Anyway: Highly recommended.
That is one of the few that can do such "smart rendering" of AVCHD files close to "correctly". The latest updated version of the software that comes with the camcorder can also do this but is otherwise limited. And if one uses such software do not shoot at the FX mode unless the end result will be on full-blown Blu-ray (BD-R) disc. If the end result will be on AVCHD DVD using less-expensive, lower-capacity DVD media stick with the FH mode. Otherwise, shooting at FX and then downconverting will force the same destructive re-compression and re-encoding described above.
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Old November 25th, 2010, 07:34 AM   #7
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Agreed.

Which leads to one last piece of advice (or a question) for Steve:

Have you thought about buying a Blu-ray burner? You've got a $2000 camcorder, so hobbling it just so that you can get away with using a less-compatible DVD-based solution at a time when Blu-ray burners are under $100 doesn't make a lot of sense to me. And particularly if, as discussed above, your NLE of choice can't "smart render" your unmodified AVCHD, it would be nice to be able to render your project at 35-40Mbit/s (as allowed on a proper Blu-ray disc) to partially compensate for the quality penalty inherent to re-encoding.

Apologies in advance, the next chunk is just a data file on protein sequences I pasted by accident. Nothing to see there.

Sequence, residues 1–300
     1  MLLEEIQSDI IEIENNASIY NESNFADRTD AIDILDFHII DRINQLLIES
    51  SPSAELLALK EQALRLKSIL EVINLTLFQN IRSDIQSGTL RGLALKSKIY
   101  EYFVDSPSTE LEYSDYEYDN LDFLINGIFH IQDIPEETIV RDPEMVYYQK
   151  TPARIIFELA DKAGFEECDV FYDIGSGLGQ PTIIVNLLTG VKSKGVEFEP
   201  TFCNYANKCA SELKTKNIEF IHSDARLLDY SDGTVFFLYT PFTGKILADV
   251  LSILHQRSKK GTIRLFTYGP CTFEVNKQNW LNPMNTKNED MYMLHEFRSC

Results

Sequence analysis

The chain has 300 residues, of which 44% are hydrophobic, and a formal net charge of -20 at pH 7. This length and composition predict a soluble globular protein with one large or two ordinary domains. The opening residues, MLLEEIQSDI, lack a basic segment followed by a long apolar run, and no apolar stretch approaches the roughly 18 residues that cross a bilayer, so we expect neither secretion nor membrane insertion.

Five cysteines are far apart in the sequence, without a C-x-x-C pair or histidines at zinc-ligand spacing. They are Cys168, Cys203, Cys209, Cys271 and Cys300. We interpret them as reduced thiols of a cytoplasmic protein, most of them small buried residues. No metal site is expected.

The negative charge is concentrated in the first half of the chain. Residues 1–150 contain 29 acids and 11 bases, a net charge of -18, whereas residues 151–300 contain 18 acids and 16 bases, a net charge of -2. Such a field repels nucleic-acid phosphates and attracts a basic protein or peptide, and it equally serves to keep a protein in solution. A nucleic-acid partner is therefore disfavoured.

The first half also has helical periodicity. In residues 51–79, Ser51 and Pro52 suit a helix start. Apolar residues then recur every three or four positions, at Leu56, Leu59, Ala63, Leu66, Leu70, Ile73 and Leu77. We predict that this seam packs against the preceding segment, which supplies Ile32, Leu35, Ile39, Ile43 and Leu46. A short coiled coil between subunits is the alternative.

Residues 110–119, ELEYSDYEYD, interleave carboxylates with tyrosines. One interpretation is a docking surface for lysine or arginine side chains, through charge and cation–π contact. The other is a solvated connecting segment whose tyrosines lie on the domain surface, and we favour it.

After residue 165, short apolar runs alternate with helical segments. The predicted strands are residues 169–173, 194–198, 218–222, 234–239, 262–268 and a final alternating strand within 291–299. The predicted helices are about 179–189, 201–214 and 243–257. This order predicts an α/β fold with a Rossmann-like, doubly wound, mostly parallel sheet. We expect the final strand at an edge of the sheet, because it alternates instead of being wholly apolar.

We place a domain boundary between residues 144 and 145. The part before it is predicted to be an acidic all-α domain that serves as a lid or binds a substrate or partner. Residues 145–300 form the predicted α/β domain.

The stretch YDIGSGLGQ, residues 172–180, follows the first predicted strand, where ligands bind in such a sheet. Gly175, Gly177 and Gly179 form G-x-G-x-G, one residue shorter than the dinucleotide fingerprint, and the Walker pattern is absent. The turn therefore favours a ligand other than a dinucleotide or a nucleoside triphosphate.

Best,
Aaron
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Old November 26th, 2010, 08:23 PM   #8
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Agreed.

Which leads to one last piece of advice (or a question) for Steve:

Have you thought about buying a Blu-ray burner? You've got a $2000 camcorder, so hobbling it just so that you can get away with using a less-compatible DVD-based solution at a time when Blu-ray burners are under $100 doesn't make a lot of sense to me. And particularly if, as discussed above, your NLE of choice can't "smart render" your unmodified AVCHD, it would be nice to be able to render your project at 35-40Mbit/s (as allowed on a proper Blu-ray disc) to partially compensate for the quality penalty inherent to re-encoding.

Best,
Aaron
Actually, Blu-ray burners still cost $150 to $200. Ther Blu-ray drives that cost less than $100 are just DVD burners that happen to read Blu-ray discs.